how to start, and maintain, a cooking club

Last weekend, hubby and I hosted our 4th Cooking Club event at our place. The theme was food-on-a-stick, and it was super fun! All kinds of good things. We made pizza-on-a-stick and salad-on-a-stick. Also on the menu and in our gullets: eggplant skewers, chicken souvlaki, potato salad, corn-on-the-cob, Greek salad, cherry pie, cheese cake, strawberry shortcake… all on a stick!

I am the organizer of this little growing group, so I keep track of every event. I realized this week, we started over THREE years ago, and have had 32 cooking club events!! I venture to say I’m a veteran at this. So, it’s time I did a post about it.

Here are my tips for creating your own cooking club:

  1. Start small. Find a few foodie friends and hit them all up with the idea. The group WILL get bigger and you want the core few to be very committed so it doesn’t fizzle out! To kind of prime everyone I did lay out some “rules” for the theme, and asked everyone to bring specific things for a planned menu. I talked about planning that first one way back in March 2009 on my old blog. There were eight of us in total which was still a LOT for that tiny kitchen. I asked those who attended to be willing to take turns hosting and we decide once a month was perfect.
  2. Establish some rules to break. The “rules” initially were that the host picked the theme and often made the main dish, and the rest of us brought appetizers, sides and desserts. It’s since evolved into a more extensive potluck (lots of main dishes, lots of cocktails, lots of everything!). It is best to be pretty organized in the beginning – once people get the “vision” they will break out of it and make it their own.
  3. Change it up. It took only a few months before people started asking to be invited. We mulled it over and decided to open it up. There would be less structure but more people is always more fun. We’ve also made sure to not duplicate themes and even add activities (Irish food + beer pong for St. Patrick’s Day, costumes for 70’s night..)
  4. Make sure someone keeps it organized. The host for the month plans and sends out the email, but it’s been beneficial for me to send out periodic emails that are more housekeeping-related to keep it all going. Like in December, I sent out an email to everyone asking people to chose their month, on a first-come-first-served basis and within minutes the 2012 cooking club calendar was full. Or if someone needs to cancel I can look at the list and ping those who haven’t hosted in a while (or ever) for the chance.
  5. Make it easy on people. Some people love hosting and some people get so nervous. I make sure to help people out by giving them ideas for themes (if they ask). Some people run with it. And I don’t force people into hosting. There are some clubbers that come almost every time but never host it. No worries. Someone always wants to!
  6. Calm your inner control freak. I wanted this to be so organized that we would all post our recipes to a blog. I started one and it didn’t last. Only a few clubbers wanted to bother. I had to be ok with it that it’d become a BYOB and potluck party more than a fine culinary experience. Thus why my first theme entailed Italian food, china and wine and the last one – food on sticks and PBR. Which leads me to..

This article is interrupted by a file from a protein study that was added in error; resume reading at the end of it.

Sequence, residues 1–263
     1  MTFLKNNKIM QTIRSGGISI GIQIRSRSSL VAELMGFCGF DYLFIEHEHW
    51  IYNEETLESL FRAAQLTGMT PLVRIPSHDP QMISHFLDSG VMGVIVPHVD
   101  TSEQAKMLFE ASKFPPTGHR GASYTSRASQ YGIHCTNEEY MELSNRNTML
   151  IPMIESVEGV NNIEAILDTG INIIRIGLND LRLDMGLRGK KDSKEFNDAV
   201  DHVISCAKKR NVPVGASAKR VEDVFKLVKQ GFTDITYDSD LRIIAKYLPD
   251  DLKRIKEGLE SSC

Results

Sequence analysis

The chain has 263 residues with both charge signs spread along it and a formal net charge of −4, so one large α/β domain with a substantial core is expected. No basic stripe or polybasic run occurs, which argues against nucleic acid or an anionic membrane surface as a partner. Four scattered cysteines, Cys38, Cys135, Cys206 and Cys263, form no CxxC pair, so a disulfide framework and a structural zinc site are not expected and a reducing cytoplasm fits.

7. Let everyone do their weird thing. Hosting is kind of my “thing” now and I want to get all Martha about it. And some of the others do, too. It’s a great excuse to ask everyone to dress up for a night of cocktails one month, then wear our best 80s band tee or overalls for White Trash cooking. 
  8. If you can’t handle 6 & 7, here’s my highly-specific solution: Start another one. A couple years ago some of the original members decided to start a second “secret” cooking club. Where we’d actually cook something quite impressive and complicated, together, and eat it in a civilized manner. Whereas the other cooking club was a party, this one could have rules and structure (The First Rule of Food Club is.. DON’T TALK ABOUT FOOD CLUB).  It’s dissolved since, but it was kind of fun to reignite the original idea for a while.

I have gained so much from starting a Cooking Club! I’m a more adventurous cook. I no longer have hostess anxiety {ok maybe a little}. I think a little more creatively all the time as a result- really – because I’m on the lookout for ideas and inspiration. And I’ve gotten to know people I work with {and friends-of-friends} better as a result. We are a little family who bonds over laughs and flavors and a shared hobby. We know each others’ kids and significant others and pets and silverware drawers.

Just for fun, here’s a list of all the themes we’ve had through the years {the * means we hosted at our house}:

  • Mar 2009: Italian*
  • Apr 2009: American/BBQ
  • May 2009: Mexican
  • June 2009: Greek
  • July 2009: Cajun
  • Aug 2009: Hawaiian Luau
  • Sept 2009: Soup Kitchen
  • Nov 2009: Breakfast for Dinner
  • Jan 2010: Caribbean
  • Feb 2010: Fondue
  • Mar 2010: Asian Fusion
  • April 2010: French
  • May 2010: Indian
  • June 2010: Backyard BBQ *
  • July 2010: White Trash Cooking
  • August 2010: 70’s-Themed Cooking
  • September 2010: Mongolian BBQ
  • October 2010: Crock Pot Classics
  • November 2010: Baked Potato Bar
  • January 2011: Mini Pizza Party
  • February 2011: Favorite Foods
  • March 2011: Irish & Beer Pong
  • May 2011: Appetizers, Cocktails & Wine
  • June 2011: Grill Out @ Willard Bay + boating
  • July 2011: Vegetarian*
  • August 2011: Brazilian
  • October 2011: Thai
  • December 2011: Red, White & Green + Secret Santa Gift Swap
  • January 2012: Spicy Food
  • February 2012: Seafood
  • March 2012: Restaurant Appetizer Copy Cats
  • May 2012: Food-on-a-Stick*

The rest of the year is planned out so no sign of fizzling out any time soon. Is anyone else into anything like this? What have your experiences been like?


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